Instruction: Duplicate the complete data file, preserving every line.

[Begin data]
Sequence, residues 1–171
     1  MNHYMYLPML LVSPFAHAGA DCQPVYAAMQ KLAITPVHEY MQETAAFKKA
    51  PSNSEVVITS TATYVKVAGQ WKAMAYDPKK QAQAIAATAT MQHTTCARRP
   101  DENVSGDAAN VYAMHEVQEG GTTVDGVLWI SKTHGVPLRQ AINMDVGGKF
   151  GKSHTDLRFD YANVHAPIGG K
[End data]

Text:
Sequence, residues 1–171
     1  MNHYMYLPML LVSPFAHAGA DCQPVYAAMQ KLAITPVHEY MQETAAFKKA
    51  PSNSEVVITS TATYVKVAGQ WKAMAYDPKK QAQAIAATAT MQHTTCARRP
   101  DENVSGDAAN VYAMHEVQEG GTTVDGVLWI SKTHGVPLRQ AINMDVGGKF
   151  GKSHTDLRFD YANVHAPIGG K